Refugees Who Helped Snowden Landed in Canada

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Edward Snowden did a very brave thing of exposing how the American government spies on its citizens, foreigners, and allied nations. Thanks to his efforts the web is now a safer place from spying by large corporations and governments.

When Snowden needed help fleeing from the long spying arm of the American military he turned to refugees. While in Hong Kong Snowden stayed with people who also fled to the city for protection. It’s a story of people fleeing prosecution from overbearing governments helping one another.

Last week some of those kind and brave refugees landed in Canada and granted asylum.

There are a few more refugees who helped Snowden in Hong Kong, you can support them over at For the Refugees.

Canada granted asylum to four people who hid former NSA contractor Edward Snowden in their tiny Hong Kong apartments when he was on the run after stealing a trove of classified documents.

The four – Supun Thilina Kellapatha, Nadeeka Dilrukshi Nonis and their children Sethumdi and Dinath – landed in Toronto on Tuesday and were due to go on to Montreal to “start their new lives”, non-profit For the Refugees said in a statement.

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Refugees Who Helped Snowden Welcomed to Canada

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One of the families who helped American whistleblower Edward Snowden stay safe while he was in Hong Kong have arrived in Canada. Snowden provided proof to the world that the USA spies on everyone including their own citizens. Due to his brave act he was the most wanted man on the planet and his safety was not assured by any state. During those few days in Hong Kong a couple families provided Snowden shelter since they too knew what it was like to be threatened by their own government.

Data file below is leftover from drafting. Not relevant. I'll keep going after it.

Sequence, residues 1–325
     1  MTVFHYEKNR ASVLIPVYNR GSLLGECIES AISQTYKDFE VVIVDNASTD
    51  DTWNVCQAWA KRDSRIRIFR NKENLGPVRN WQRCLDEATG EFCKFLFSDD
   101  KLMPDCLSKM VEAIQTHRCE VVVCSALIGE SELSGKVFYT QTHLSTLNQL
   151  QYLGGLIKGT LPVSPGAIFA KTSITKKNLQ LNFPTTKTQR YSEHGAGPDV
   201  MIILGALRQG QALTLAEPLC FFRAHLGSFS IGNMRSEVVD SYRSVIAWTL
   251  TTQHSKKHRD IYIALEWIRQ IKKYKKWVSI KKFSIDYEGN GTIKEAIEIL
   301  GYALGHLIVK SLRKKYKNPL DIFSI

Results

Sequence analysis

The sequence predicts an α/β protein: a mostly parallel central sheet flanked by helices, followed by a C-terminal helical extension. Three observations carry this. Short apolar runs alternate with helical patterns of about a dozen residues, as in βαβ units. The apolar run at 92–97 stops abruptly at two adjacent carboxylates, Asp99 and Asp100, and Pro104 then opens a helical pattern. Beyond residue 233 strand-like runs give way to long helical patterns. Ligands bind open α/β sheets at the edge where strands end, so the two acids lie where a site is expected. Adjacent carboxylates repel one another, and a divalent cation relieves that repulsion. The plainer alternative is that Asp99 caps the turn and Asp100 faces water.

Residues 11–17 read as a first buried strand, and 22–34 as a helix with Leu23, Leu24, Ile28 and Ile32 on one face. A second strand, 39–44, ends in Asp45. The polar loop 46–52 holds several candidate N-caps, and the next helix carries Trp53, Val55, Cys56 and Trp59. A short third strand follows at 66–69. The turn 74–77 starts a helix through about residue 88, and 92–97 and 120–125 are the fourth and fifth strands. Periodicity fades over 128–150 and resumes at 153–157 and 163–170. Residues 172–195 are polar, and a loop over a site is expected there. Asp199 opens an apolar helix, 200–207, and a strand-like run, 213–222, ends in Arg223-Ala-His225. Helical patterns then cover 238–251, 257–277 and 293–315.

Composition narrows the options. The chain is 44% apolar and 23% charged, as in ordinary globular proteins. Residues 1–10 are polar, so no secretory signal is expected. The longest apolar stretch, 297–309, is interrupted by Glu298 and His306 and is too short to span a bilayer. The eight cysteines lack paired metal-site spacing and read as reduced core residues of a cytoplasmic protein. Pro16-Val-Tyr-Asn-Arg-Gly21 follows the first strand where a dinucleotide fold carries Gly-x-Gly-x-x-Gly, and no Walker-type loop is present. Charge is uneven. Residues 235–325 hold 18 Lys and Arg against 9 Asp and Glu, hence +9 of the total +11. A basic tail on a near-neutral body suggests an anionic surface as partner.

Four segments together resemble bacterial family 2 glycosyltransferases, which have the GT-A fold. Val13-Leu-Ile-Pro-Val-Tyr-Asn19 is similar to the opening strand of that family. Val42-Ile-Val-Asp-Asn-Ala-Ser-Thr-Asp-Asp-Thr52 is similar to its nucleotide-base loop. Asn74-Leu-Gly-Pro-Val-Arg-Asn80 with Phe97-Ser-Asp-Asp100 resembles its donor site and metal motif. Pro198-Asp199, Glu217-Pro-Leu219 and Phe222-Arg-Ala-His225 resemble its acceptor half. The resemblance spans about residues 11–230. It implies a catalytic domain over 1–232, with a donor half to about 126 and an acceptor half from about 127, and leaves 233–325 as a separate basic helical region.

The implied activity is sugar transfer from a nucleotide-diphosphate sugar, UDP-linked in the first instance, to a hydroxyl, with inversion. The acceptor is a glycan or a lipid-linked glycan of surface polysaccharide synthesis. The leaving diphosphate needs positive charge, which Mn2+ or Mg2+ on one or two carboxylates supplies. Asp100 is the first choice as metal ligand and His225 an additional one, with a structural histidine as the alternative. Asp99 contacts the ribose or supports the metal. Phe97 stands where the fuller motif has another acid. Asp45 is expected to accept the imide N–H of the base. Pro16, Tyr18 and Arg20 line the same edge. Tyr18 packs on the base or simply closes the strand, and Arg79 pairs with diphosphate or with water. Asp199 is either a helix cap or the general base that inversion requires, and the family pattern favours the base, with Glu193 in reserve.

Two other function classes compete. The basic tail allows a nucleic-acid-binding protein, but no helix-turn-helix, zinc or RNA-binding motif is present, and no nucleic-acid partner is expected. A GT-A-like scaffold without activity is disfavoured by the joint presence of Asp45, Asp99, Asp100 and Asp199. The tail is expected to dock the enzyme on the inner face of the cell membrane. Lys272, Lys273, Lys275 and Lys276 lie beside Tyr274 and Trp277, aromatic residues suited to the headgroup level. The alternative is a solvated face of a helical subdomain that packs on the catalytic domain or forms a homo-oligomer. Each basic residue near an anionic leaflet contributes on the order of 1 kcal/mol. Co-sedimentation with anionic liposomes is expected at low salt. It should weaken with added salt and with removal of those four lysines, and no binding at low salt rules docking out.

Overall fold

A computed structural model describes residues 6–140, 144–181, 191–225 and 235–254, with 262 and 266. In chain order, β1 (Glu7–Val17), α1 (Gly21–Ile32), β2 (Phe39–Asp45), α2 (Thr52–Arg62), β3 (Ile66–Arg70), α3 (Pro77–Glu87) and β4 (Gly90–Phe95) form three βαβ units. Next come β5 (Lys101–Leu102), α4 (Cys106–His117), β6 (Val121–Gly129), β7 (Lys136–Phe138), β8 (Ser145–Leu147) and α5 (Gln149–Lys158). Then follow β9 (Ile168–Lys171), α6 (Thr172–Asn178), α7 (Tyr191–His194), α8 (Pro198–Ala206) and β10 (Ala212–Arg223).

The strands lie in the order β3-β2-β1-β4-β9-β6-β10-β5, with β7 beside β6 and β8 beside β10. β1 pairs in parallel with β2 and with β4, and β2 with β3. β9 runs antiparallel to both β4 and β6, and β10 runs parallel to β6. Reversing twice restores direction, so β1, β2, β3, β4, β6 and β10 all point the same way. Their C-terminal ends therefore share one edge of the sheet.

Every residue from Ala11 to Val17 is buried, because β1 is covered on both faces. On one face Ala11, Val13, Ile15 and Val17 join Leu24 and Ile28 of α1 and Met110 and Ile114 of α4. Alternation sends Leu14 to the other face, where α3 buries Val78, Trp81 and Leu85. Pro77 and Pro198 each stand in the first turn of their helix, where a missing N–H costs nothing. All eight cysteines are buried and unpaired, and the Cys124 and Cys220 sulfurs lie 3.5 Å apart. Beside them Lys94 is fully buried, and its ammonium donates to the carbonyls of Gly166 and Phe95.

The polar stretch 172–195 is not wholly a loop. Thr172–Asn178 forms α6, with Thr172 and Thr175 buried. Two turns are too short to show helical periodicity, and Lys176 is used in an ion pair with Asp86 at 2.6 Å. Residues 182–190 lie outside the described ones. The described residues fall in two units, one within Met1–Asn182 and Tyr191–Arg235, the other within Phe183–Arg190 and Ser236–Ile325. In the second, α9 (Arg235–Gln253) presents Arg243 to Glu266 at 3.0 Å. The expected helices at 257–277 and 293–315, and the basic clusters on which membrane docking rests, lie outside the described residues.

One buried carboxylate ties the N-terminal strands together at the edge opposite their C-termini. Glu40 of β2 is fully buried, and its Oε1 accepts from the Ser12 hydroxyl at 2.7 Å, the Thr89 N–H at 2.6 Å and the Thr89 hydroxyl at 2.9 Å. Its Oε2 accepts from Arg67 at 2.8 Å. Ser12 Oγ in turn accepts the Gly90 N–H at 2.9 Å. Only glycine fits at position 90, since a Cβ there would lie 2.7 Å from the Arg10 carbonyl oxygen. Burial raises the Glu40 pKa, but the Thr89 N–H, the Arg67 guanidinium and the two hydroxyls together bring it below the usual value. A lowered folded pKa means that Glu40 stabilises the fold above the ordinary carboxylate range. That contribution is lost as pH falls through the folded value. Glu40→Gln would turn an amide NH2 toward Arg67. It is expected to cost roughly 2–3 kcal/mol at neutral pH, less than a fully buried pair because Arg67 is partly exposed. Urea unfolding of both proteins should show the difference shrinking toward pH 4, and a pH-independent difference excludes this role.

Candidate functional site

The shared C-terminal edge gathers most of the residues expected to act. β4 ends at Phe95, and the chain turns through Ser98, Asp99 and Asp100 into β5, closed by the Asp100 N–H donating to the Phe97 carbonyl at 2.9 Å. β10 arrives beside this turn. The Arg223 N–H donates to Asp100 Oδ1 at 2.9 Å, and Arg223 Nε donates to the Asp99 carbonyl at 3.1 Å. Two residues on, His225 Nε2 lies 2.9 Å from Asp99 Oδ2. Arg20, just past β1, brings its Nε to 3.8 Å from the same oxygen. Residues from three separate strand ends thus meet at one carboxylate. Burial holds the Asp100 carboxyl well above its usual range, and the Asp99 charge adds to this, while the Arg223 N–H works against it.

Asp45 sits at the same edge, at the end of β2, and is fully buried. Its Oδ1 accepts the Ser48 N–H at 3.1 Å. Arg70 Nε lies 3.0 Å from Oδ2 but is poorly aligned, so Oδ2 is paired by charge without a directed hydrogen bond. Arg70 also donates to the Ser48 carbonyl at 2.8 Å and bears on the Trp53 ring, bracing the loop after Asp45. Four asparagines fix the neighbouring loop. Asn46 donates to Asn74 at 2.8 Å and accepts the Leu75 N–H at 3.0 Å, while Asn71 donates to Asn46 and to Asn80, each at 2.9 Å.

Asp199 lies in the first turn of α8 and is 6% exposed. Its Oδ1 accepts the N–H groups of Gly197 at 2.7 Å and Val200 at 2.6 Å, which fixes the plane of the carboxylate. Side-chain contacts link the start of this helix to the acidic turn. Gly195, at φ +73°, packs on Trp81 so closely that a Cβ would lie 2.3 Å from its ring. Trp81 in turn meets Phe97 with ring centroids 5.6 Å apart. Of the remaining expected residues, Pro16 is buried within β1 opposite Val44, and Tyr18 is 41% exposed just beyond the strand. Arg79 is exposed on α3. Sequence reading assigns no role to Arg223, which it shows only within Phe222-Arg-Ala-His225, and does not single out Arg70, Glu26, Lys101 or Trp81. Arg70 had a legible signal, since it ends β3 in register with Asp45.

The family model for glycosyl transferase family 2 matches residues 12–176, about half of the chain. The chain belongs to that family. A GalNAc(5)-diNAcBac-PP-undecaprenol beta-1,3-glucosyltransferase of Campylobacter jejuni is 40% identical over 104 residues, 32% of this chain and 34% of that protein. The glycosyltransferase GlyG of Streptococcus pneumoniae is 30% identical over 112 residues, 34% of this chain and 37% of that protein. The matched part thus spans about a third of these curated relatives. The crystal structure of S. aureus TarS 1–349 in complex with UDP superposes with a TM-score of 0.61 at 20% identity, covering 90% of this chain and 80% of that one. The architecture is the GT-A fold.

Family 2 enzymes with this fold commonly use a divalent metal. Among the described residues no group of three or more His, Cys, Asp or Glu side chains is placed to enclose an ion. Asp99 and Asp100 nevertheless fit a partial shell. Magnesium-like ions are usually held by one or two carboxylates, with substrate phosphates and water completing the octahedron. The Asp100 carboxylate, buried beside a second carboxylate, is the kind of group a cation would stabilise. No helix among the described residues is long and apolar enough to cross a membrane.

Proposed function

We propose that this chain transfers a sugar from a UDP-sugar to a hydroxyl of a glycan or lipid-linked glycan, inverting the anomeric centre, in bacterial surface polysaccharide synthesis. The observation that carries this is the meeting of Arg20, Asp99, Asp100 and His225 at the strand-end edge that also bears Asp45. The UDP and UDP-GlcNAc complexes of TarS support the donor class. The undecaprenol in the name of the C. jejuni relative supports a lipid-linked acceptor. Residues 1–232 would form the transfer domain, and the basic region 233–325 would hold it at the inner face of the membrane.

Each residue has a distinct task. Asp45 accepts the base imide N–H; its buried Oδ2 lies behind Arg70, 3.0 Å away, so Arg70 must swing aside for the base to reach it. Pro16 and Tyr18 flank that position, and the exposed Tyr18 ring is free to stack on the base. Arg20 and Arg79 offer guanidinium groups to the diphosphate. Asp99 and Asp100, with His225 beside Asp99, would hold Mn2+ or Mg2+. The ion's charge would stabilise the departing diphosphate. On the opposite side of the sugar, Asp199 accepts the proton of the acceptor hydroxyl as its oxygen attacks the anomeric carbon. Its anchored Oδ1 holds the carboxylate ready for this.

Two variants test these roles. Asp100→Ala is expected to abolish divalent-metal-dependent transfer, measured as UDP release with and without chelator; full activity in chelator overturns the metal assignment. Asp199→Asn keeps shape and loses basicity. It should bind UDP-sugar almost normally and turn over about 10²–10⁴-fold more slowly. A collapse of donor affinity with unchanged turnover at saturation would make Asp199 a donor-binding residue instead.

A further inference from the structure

It’s so nice to see that refugees who were struggling took time to help another in a similar situation get a happy next step. You can find out more about the Snowden refugees at For The Refugees.

“They are extremely brave people who have nothing, but when someone in distress needed them, they opened their doors,” said Montreal-based Guillaume Cliche-Rivard, one of the lawyers with the group.

“Instead of letting them live in a terrible situation without a future, we wanted to do something for them, as they wanted to do something for Edward Snowden.”

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Farming for the Future on the Roofs of Hong Kong

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Green roofs are great for collecting water and cooling neighbourhoods, they are also useful for feeding their local communities. In the densely built urban environment of Hong Kong there is a network of green roofs that used for farming. These farms are used to grow crops sold in local stores and to encourage the people of Hong Kong to get their hands dirty and understand where their food comes from.

Here the team tell me about their other goal: education. By running regular workshops, the team hope that Hong Kong’s city-dwellers will become a little more aware of the resources needed to grow the food they are eating. Pointing to a bed of broccoli, for instance, Hong remembers one recent group who had never seen the whole plant. “They didn’t realise that the florets that we eat are actually quite limited,” she says. “And if you look at the quantity we see in the supermarket, you begin to see how much space we would need to grow that,” she says.

Ultimately, Tsui’s dream is that a restful break on a rooftop farm will become ingrained in everyone’s daily routine. “I use the analogy of coffee,” says Tsui – something that was once a luxury, but which became a lifestyle, through sheer convenience. If he had his way, a trip to the farm would be as essential as a morning caffeine fix. “We do have a mission, in a way – to make farming cool.”

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